The death of a 15-year-old girl who entered cardiac arrest and who died just hours after being informed that she had had an ear infection was due to negligence. , ruled a coroner.
Rosie Umney, a student at Herne Bay High School, a Type 1 diabetic, was taken to William Street Surgery on the evening of Monday, July 2, where she was examined by Dr. Sadaf Mangi.
She had some of the symptoms of ketoacidosis – vomiting, hyperventilation and difficulty walking.
Previously, the doctor had stated that she initially thought that Rosie could have contracted the disease after learning that she was type 1 diabetic.
But she thought the opposite after Georgina Umney had said that her daughter's blood glucose results were normal that day.
Instead, a schoolgirl in the ear was diagnosed and antibiotics were prescribed to the schoolgirl.
An ambulance was called at Rosie's on South Road that night, after her mother could not wake her up.
She was transported to QEQM Hospital in Margate before 2:10 am, where she died.
An autopsy later revealed that his cause of death was diabetic ketoacidosis.
During an investigation into his death at the Canterbury Coroner's Court, the Assistant Coroner, James Dillon, testified that Dr. Mangi had not followed the guidelines issued by the National Institute of Health and Care (Nice ).
They claim that a patient should be sent to the hospital if he has symptoms such as shortness of breath, illness and high temperatures.
The GP had previously admitted that she was not aware of the recommendations published by Nice.
Mr. Dillon said, "Rosie Umney was admitted to the hospital early in the morning of July 3, in an advanced state of diabetic ketacidosis.
"His condition was not recoverable. The GP did not send her to the hospital, but Nice's instructions would have sent her to send Rosie there.
"The doctor did not check his blood sugar level."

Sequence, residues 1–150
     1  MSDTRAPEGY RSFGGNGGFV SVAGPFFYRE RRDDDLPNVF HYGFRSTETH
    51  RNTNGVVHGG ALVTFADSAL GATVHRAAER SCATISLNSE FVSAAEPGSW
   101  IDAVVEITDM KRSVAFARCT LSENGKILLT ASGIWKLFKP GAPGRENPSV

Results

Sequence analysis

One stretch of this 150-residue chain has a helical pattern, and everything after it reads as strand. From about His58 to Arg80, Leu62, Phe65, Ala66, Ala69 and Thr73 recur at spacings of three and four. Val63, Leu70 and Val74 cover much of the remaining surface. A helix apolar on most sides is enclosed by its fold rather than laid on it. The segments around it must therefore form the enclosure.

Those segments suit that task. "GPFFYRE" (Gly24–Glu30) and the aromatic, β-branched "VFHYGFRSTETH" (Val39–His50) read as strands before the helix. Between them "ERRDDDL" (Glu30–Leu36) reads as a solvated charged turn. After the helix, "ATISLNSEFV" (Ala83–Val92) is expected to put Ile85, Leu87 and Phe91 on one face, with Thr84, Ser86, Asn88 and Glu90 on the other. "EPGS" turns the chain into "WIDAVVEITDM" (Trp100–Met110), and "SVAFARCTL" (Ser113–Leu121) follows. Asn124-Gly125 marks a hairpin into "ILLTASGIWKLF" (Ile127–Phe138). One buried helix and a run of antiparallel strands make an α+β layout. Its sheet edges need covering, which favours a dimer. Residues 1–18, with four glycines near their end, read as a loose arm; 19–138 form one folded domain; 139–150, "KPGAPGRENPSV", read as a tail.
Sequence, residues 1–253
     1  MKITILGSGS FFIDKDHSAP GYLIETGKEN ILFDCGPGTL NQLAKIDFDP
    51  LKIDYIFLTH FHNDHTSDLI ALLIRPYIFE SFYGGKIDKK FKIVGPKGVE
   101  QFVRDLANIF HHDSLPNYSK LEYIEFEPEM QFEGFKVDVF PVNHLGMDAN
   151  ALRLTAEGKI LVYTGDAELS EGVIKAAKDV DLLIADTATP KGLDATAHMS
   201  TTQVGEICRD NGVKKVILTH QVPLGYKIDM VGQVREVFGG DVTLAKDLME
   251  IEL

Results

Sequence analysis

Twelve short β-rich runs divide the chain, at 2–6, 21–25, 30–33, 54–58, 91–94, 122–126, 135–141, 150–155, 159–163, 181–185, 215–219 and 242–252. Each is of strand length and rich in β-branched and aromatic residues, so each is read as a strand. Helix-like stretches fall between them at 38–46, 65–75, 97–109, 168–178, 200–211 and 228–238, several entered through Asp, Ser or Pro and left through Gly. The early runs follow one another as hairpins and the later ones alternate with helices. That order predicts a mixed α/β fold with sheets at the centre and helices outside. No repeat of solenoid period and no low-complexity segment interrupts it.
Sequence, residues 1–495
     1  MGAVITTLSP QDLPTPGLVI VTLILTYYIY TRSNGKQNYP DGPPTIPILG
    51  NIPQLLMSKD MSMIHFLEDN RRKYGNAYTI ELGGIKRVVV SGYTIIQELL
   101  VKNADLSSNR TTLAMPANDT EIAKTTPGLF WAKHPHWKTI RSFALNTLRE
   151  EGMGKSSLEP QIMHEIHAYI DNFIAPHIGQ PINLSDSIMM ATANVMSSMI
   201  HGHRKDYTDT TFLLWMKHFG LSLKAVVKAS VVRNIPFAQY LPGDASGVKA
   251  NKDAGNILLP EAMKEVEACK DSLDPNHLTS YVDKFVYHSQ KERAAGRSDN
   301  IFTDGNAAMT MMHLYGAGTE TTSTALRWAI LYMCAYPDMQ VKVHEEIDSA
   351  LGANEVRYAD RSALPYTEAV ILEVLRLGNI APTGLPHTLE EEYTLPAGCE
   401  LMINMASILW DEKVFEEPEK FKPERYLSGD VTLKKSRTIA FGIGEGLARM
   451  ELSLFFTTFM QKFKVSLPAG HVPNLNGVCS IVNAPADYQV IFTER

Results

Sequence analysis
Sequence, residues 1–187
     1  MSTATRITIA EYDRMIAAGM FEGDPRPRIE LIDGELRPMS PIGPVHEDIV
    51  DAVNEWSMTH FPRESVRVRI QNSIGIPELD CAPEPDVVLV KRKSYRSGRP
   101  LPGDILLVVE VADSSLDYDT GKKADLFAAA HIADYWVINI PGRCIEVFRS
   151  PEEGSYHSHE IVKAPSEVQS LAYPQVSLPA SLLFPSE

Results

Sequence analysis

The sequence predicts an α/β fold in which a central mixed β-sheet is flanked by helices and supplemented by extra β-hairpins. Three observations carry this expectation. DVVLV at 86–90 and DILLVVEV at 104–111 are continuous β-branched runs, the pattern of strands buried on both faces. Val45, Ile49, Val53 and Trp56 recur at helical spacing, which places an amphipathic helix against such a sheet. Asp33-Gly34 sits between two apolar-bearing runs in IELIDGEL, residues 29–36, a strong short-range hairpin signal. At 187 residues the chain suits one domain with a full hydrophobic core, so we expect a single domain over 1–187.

Mr. Dillon added that Dr. Mangi had been contrite, enrolled in refresher courses and apologized to Umney.
When paramedic Richard Steinbeck arrived at Rosie shortly before 1:10 am, his parents told him that previous tests had revealed a normal reading of 7.9 millimoles per liter.
He took two blood samples from Rosie in his earlobe and finger.
His blood sugar was so high that his machine – and another that he had borrowed from a colleague – was unable to read.
The paramedic then used Rosie's meter himself, which again returned safe values of 7.8 and 8.6 millimoles per liter.
Two months before his death, lots of test strips similar to those Rosie used were recalled by their manufacturer, Roche Diabetes Care, because they thought they could provide inaccurate results.
However, no quality control tests were performed on Rosie's tapes as their expiry date was exceeded.
"It is said that the test strips were recalled, although there is no evidence that Rosie was touched …" Deputy Coroner James Dillon
In addition, none of the equipment was sent to Roche to enable it to conduct its own checks.
"The test strips are said to have been recalled, although there is no evidence that Rosie has been touched," Dillon added.
"They could not be tested because they had passed their expiration date. Two SECAmb (Ambulance Service) counters were used independently and showed that Rosie's blood glucose was extremely high. "
At the hearing, Mr. Dillon noted that there was also evidence that Rosie's machine had not been used for "a few days".
"Dr. Mangi's involvement can not be seen in isolation," he said.
"There is evidence [Rosie] was not compliant with his diabetes surveillance and treatment regime, including blood tests.
"These have therefore led me to a conclusion of negligence."
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